Besides being a player Blandford was also a collector and musicologist, and his writings on the horn and other instruments, though few, were very highly regarded by the next generation of organologists. In 1920, at a Puttick & Simpson's sale (when he acquired a horn by L.J.Raoux, eventually sold to his young friend Farquharson Cousins), Blandford met the man who was to become his closest musical friend and correspondent, Reginald Morley-Pegge.

Because during the 1920s and 30s Morley-Pegge was living in France, and was subsequently during World War II stationed in Edinburgh, the friendship was very largely letter-based. Blandford's half of the correspondence was prized by Morley- Pegge and survives in its entirety, though Morley-Pegge's letters do not and are only represented by the few carbon copies which he himself made. The correspondence, which began on strictly musical subjects, gradually extended across the whole range of Blandford's life, and is particularly rich in domestic detail during wartime, giving a vivid and always entertaining picture of the struggle to maintain a normal life despite bombing, rationing, privations and general disruption. Blandford's quirky sense of humour is apparent, as is his breadth of learning and accomplishments: he was an excellent linguist in French and German, and for a considerable period beguiled his leisure in attempting to translate Damon Runyon into French, though ultimately the project foundered without resulting in any publication.

At the beginning of the correspondence Blandford is very much the senior partner, the older man pleased to find the younger one equally passionate and interested and happy to share his knowledge. By the 1940s, however, Morley-Pegge moved into the dominant position as his own work on the horn developed, and it was he and not Blandford who produced the definitive book on the instrument. When The French Horn was finally published in 1960 it was dedicated to Blandford, whom Morley- Pegge had always acknowledged as his master.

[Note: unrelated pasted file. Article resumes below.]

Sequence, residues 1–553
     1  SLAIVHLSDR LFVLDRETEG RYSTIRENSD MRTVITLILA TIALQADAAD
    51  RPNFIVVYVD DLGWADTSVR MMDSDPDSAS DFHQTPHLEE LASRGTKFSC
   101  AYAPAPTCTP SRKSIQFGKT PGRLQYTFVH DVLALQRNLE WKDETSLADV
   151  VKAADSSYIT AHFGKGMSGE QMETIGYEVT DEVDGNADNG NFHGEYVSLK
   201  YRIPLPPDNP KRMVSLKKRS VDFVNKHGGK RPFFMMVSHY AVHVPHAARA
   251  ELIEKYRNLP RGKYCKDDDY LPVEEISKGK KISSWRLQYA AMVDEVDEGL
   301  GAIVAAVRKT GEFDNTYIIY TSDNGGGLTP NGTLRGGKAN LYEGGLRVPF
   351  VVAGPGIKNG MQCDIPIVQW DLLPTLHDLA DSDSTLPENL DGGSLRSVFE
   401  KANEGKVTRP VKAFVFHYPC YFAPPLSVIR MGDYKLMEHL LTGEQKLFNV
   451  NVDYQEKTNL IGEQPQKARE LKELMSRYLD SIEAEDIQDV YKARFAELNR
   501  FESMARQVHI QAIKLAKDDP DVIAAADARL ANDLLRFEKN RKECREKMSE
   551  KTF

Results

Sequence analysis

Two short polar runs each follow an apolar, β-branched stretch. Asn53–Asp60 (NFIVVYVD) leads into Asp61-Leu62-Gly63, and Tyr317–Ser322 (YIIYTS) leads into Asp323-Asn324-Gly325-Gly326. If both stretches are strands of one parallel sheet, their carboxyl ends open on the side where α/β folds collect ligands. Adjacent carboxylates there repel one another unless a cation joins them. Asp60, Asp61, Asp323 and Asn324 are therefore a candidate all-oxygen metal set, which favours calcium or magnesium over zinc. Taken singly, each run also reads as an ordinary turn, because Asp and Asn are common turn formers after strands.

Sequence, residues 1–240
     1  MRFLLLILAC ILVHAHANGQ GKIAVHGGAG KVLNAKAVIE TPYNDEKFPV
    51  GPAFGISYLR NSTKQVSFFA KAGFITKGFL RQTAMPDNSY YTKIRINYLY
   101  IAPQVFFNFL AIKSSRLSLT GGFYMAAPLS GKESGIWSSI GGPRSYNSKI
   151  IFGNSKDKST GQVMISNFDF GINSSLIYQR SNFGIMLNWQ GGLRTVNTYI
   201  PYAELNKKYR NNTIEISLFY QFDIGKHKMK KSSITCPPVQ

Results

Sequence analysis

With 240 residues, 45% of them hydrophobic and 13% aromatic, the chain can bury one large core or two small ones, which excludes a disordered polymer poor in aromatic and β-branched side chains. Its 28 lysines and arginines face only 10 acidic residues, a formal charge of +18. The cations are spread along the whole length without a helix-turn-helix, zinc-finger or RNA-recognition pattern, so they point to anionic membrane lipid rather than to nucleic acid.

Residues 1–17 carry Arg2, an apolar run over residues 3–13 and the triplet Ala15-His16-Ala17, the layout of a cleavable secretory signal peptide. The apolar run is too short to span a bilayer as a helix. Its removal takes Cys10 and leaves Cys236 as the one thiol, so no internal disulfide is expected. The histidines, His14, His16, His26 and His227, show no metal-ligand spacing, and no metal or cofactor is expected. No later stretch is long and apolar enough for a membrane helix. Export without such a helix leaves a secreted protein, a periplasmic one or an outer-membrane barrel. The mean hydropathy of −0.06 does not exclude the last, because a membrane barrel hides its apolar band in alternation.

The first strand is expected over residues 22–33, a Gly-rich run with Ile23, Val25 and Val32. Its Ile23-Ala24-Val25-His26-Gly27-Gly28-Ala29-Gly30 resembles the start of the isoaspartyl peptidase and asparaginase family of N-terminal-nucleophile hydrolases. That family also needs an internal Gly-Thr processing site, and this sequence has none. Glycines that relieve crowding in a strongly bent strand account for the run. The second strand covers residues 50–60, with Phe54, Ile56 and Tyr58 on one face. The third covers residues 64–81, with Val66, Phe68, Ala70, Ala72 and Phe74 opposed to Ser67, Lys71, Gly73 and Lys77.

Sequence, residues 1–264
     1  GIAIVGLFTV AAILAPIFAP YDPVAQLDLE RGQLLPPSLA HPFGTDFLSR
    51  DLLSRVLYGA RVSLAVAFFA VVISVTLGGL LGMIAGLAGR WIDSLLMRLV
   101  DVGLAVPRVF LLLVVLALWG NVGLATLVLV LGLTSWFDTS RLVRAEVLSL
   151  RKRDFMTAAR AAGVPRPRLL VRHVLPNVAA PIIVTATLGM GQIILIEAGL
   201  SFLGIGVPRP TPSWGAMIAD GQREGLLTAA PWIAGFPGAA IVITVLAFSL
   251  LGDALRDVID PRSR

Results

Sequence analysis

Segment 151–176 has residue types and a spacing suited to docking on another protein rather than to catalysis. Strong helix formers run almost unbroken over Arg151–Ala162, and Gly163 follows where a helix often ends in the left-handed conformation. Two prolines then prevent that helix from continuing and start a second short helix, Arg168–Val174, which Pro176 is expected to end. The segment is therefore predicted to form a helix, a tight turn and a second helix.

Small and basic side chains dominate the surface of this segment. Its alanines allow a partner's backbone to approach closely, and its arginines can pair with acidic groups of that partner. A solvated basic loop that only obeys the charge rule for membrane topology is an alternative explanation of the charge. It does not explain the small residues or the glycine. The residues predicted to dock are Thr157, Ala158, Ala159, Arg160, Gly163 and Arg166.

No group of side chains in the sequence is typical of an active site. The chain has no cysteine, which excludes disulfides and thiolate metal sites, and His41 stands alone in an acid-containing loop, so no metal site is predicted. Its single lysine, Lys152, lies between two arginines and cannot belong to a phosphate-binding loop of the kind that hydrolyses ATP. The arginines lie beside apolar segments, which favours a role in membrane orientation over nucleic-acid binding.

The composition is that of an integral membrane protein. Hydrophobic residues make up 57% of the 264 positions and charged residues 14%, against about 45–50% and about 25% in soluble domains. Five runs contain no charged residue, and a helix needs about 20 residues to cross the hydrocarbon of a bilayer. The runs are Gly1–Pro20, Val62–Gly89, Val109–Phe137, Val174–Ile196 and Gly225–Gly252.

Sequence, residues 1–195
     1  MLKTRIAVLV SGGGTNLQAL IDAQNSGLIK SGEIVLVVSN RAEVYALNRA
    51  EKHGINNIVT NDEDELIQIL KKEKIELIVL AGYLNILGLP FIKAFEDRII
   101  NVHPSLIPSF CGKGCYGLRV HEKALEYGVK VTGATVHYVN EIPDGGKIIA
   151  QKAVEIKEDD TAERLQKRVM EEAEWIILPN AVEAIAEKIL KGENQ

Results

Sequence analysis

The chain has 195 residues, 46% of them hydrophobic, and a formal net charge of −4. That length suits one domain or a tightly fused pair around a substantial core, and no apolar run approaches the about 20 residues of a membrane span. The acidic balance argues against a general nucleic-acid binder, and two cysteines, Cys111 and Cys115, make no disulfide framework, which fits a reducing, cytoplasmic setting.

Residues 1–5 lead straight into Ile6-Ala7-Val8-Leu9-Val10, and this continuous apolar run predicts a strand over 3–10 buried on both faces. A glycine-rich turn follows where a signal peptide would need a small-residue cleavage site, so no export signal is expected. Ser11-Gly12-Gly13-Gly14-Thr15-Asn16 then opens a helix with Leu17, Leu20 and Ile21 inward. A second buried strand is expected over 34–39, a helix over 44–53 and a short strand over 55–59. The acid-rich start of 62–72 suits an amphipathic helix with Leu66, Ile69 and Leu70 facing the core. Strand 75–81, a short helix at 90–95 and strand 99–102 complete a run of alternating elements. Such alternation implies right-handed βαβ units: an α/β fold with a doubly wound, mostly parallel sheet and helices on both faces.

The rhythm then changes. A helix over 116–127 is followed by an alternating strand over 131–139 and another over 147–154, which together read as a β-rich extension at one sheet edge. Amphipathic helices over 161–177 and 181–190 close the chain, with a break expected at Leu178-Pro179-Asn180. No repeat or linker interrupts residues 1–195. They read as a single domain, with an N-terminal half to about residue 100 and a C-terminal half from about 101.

Blandford had the leisure to correspond very widely, and although the Morley-Pegge letters are the most numerous there are also substantial surviving collections of his letters to Lyndesay Langwill and Philip Bate; among his papers (inherited by or given to Morley-Pegge) are also letters to Kathleen Schlesinger, author of the article on the horn in the 1910 (11th) edition of the Encyclopedia Britannica, Arthur Falkner, and T.S.Wotton, a friend from the 1880s onwards; he also corresponded with Adam Carse and the collector Archibald Nettlefold, though these letters do not survive. When Morley-Pegge came to write his obituary for the Galpin Society Journal he regretted that Blandford had published so little, but acknowledged his great influence over the scholars of succeeding generations. It is possible now to salute him not only as a horn-player and musicologist but also as an incomparable letter-writer.

Letter to P.A.T.Bate, 15 February 1946 ibid. Blandford later discovered that there had been at least one earlier concert.